We all have experienced family in some way, shape, or form within our lives. And like me, you probably had a rough patch (or many) in your family over the years. The word family might even trigger negative memories, signaling an alarm of past hurts. On the other hand, the word family may stir good memories in your mind.

The good news is that family doesn’t have to look like our past. The word "family" has become somewhat of a buzzword in our society. Everyone wants to be a family. However, an important question to ask is: how do we truly become a family? Let’s look at the life of Jesus and his disciples. He is the greatest father example ever, and gave us a written account of what family looked like with him in the first church community in Acts.

Here are 5 examples of how the early disciples did family and how we too can live like them based on Acts 2:42-47:

  1. They shared a common union of prayer and worship.

  2. They built relationship around the dinner table.

  3. They gave extravagantly as anyone had need among them.

  4. They grew in the knowledge of God together through the scriptures.

  5. They had fun together.

Here in Raleigh, we have a community of young adults who meet weekly for what we call The Table. For us, this has become our attempt and a learning process of what it looks like to be a family. We gather together every Sunday afternoon to enjoy a home-cooked meal, worship Jesus, and sometimes just play games and have fun.  From this place of friendship and family lifestyle we pray and minister to each other, and give to the needs among us. It has been transformational in the lives of the students that gather! I want to encourage you to learn what it looks like to create a space where people feel safe to participate and experience what it means to feel important and needed in a community. Sometimes it’s not easy to set healthy boundaries that feel inclusive and beneficial to everyone and it can be a struggle to consistently love someone who shows up each week with lists of needs. We don’t always get it right when we are trying to lead a community. It can be hard to confront people for their attitudes, actions, or shortcomings.

However, building community and a culture of family within it is a learning experience that will make you a better leader. Family is messy and hard, but the joy of what comes out of community doesn’t compare to the pain of the process.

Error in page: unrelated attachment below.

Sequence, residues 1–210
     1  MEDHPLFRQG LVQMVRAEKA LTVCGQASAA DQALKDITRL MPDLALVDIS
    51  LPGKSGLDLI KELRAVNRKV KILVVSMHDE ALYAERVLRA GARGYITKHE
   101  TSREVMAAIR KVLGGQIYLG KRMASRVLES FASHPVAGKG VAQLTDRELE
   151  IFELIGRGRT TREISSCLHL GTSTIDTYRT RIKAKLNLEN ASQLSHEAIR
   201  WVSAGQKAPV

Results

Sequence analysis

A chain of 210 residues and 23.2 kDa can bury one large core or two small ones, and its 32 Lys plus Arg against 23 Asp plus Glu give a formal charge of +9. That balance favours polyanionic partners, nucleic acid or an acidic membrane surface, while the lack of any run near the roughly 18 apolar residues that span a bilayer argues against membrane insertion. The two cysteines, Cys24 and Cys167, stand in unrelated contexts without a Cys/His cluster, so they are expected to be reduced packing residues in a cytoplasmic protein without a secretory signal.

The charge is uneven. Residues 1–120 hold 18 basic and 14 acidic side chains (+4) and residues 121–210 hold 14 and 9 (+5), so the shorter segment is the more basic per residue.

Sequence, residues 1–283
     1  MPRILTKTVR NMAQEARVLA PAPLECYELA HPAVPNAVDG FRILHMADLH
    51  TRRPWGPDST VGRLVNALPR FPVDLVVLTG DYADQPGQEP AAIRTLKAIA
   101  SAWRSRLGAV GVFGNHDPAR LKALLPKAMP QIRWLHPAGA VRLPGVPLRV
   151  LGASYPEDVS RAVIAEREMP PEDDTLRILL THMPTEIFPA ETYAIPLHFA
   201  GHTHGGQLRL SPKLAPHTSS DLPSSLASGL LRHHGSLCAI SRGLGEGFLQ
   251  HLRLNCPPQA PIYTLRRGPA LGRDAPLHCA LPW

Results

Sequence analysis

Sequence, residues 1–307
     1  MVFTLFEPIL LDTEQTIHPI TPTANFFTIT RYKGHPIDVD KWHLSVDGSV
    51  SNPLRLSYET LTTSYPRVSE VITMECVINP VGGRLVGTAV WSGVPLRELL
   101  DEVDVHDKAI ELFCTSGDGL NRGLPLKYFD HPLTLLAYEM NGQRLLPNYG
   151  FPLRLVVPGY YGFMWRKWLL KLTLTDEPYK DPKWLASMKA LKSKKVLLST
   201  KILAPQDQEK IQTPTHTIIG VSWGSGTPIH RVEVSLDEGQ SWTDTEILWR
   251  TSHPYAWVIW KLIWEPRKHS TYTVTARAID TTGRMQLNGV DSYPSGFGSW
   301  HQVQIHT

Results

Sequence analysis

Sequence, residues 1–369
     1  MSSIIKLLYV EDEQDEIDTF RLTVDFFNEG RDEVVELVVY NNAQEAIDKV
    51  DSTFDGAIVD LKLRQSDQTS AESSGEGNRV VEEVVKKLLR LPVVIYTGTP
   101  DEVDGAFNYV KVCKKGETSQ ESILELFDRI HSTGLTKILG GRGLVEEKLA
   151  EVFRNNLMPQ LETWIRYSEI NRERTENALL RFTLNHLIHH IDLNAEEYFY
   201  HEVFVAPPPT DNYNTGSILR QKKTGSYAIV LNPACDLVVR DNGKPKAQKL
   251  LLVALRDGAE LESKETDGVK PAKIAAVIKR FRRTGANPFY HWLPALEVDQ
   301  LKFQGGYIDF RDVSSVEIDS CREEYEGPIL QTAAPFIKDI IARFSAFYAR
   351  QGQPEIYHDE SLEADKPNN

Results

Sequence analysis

At the Table, we have experienced deep friendships and love for one another in just the first semester meeting together. People came in broken and hurting, with deep wounds of regret and rejection and we have watched the Lord heal their hearts. Others have taken up the call to fast and pray for their own families and experience ridiculous breakthroughs, healings, and total life transformation.

However, family doesn’t mean doing more events together, or scheduling lives to overlap, it is a commitment to love and serve those around you more than yourself. You can’t be a family by talking about it more or by doing stuff. It must be a decision to love and be loved, challenge and be challenged, serve and be served and to lay your life down for others.

When we experience family as believers, it causes faith to be stirred in our hearts for God to build the same thing in our own families. My favorite testimony from this past semester is about how God did that in a young woman’s life. She began fasting and praying for revival in her family back in October, asking God for restoration in her mom emotionally, relationally, and physically. Her mom shared with her this past Christmas break that a few weeks after her daughter began fasting, the Holy Spirit convicted her to write a list of unforgiven sins she had committed against her husband. Upon meeting and sharing, the husband, tearfully repented as well and reconciliation began. Her dad related to her not long after that and said, "I don't understand what you are doing but your mom and I have not had a better marriage in 20 years." Wow!

I want to invite you to believe for this in your community, your personal family, and on your campus. That when you focus on family living like the disciples did in the Book of Acts the wonders of God broke out!

Unity and revival starts when we become family.